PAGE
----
Antoine de Saint Exupery

Gray Fox arrived to the walled garden as a delicious secret. Appearing unexpected and for the first time at the townhouse,  for cover the sparseness of the desert willow saplings.  More prancing movement than form-along the  late afternoon shadow-for the  length of hedge. Through the cover of the willows again. In a  quick graceful leap Gray Fox is atop the vine sheltered corner where garden walls meet,  takes a good look about and then curls up nicely in repose. She has a full view  of the garden,  and a quick vanish option by simply slipping over to the other side and gone. She has a full view of me.

An estimate would be that Gray Fox is about two feet in length with a tail to match that two full feet, fifteen pounds,  and appears to me a young adult. A full healthy coat of thick fur which runs from gray to rust to white with black accents and trim. Golden eyes that stare deep.

Gray Fox will mate,  somewhere between January and April  in the Southwestern United States, often birthing a half dozen pups.  Her mate and her stay together for the romance through the rearing of the pups, with shared responsibilities. Pups are weaned at three months, taught and able to hunt on their own at four months, and leave their parents in the autumn of the year. Gray Fox and her mate may or not seek out and choose each other to mate and rear offspring again,  their  average lifespan being six to eight years.  Gray Fox’s extended family is scattered far and near, not a red alert threat for extinction, but there are often serious concerns due to habitat loss, poor quality habitat, food sources, disease, parasites. Some diseases and parasites being contagious to other species.  Being caught out and killed by humans, bobcats, golden eagles, great horned owls is possible for Gray Fox.

Gray Fox eats rodents, insects, fruits, vegetables, and birds. Rabbits are a favorite as are  grasshoppers and crickets currently bountiful. It’s important not to habituate them to humans by feeding, they are wild things best left wild.

Gray Fox is secretive, nocturnal, moves about mainly at dawn and dusk, avoids confrontation, is excellent at camouflage, tree climbing, and if forced capable of a good winning fight.

Gray Fox has showed up throughout my life, observed and gone dozens of times and places. On a Cottage Roof along Pamlico River, high above  in a Pine in deep Oregon woods,  a chicken coop in New Jersey, Heart Island as a child.  Never tame or taming, the periodic and fleeting visits always honored as a gift. A pattern and portent of coming change and transformation observed.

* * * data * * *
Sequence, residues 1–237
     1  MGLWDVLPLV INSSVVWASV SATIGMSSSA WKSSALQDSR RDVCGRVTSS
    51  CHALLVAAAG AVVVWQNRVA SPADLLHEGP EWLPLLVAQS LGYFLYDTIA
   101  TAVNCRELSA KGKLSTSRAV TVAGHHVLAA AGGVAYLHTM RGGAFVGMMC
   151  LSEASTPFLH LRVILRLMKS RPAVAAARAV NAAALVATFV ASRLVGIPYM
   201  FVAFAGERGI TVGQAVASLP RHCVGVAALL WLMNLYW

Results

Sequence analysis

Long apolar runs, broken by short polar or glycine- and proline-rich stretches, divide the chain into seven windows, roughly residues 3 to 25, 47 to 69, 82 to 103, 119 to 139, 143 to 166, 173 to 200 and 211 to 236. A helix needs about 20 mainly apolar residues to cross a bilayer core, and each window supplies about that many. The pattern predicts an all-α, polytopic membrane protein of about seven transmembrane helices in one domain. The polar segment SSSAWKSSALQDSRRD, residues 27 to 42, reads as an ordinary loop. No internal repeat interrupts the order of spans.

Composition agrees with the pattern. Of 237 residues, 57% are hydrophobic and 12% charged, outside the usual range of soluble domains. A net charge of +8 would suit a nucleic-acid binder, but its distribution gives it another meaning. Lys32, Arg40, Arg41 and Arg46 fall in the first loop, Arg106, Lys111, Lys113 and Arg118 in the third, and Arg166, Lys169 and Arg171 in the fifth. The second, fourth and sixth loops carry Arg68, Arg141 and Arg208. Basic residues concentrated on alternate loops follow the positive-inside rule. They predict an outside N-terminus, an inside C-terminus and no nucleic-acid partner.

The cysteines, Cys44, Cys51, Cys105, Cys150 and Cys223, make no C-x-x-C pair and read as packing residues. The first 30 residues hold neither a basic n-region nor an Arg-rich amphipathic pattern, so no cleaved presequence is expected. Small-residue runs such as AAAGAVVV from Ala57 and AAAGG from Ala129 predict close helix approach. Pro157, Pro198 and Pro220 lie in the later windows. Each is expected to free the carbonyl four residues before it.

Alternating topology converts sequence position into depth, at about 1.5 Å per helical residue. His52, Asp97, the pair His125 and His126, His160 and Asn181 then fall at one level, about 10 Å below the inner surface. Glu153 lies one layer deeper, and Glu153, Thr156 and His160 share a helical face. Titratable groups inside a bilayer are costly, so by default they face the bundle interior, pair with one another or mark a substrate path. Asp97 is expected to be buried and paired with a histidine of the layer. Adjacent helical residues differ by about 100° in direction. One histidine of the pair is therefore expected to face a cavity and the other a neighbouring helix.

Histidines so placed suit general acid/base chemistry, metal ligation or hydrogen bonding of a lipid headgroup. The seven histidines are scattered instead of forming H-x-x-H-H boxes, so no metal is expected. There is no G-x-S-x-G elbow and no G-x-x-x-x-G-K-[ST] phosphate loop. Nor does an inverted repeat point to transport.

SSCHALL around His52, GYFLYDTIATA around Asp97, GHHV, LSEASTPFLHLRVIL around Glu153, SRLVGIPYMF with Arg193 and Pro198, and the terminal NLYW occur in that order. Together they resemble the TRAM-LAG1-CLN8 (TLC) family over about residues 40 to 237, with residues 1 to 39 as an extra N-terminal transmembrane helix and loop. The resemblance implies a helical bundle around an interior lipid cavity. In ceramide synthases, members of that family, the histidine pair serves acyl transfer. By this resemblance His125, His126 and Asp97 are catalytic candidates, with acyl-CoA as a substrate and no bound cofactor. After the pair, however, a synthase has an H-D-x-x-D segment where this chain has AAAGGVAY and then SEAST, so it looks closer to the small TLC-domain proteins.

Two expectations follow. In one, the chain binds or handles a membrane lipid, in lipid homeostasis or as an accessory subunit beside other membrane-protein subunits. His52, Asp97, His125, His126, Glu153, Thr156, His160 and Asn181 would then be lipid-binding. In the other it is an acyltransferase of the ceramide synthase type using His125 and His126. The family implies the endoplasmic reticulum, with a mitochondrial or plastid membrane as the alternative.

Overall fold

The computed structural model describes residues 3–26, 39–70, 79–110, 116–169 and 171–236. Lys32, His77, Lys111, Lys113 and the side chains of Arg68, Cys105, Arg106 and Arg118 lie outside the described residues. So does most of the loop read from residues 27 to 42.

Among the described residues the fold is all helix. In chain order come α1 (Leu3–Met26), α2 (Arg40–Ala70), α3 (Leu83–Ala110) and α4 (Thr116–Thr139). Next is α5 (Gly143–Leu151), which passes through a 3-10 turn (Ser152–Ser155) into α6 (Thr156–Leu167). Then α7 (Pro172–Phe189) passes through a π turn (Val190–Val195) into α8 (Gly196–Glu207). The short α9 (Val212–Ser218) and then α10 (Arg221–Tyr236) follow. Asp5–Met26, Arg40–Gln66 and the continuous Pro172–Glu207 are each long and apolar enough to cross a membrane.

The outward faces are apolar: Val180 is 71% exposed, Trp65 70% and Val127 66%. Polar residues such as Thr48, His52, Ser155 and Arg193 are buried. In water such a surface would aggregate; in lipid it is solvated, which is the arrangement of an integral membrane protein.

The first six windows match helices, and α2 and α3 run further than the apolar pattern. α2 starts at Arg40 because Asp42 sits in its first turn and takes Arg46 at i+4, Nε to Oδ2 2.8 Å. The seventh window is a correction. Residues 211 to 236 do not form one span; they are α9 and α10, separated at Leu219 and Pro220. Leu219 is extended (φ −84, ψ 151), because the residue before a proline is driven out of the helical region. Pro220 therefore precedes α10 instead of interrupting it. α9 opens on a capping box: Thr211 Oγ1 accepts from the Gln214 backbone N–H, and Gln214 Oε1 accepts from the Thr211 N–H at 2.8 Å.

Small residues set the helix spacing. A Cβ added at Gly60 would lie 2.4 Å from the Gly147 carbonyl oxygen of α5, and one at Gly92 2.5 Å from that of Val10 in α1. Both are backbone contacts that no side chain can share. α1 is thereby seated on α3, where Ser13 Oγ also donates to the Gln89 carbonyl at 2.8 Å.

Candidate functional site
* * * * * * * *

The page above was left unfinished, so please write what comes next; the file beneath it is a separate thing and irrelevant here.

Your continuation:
In 1997 my dear friend Bonnie gifted me with the book , Animal Speak by     Ted Andrews. Ted Andrews wrote in seductive and beautiful words  of  the mythological, metaphysical, mystical, historical, shaman, and spiritual realm connection of critters. Basically the belief is that  species appear to individuals  with signs and messages.  By observing their behavior and attributes, and the careful consideration of circumstances in life when they show up, they are designated as an individual’s totem. Having Gray Fox as a totem is overflowing with mystery and magic. Who wouldn’t want to embrace the fun of  life charged up on Feminine Magic, Shape-shifting, Cunning,  Big Transition, Supernatural Power, Freeing of the Creative Force, and the ability to dwell ‘Between Worlds’ – ‘Mix this Sedona Speak with my  preexisting science background, and lifetime wanderlust it can surely  make for a fairly exhilarating day.  I do believe I choose  Shape-shifting, Feminine Strength,  and Camouflage as my choice of  prancing through this season of holidays with calm, safety, and joy.

Over the years I have been told and read many stories about Gray Fox. Of the Choctaw Tribe who believe Gray Fox is the protector of the family, the Apache story of Gray Fox stealing the fire from the sun and gifting it to humans.

Acknowledging the message from Gray Fox of possible big upcoming transformation,  I encourage Gray Fox take  a quick exit back to Coconino National Forest that borders this Planned Unit Development where humans may not see magic transformation in progress  in sighting that  big  bushy tail.

In response to WordPress Photo Challenge: Transformation

A safe and joyful holiday season to each and everyone. I send a heart filled with gratitude for your kind words, support, insightful smart websites, shared lives, and feeling  of community  that we have shared throughout the year.

Music: Like A Hurricane- Neil Young.

Gray Fox : Order: Carnivora Family: Canidae
Genus: Urocyon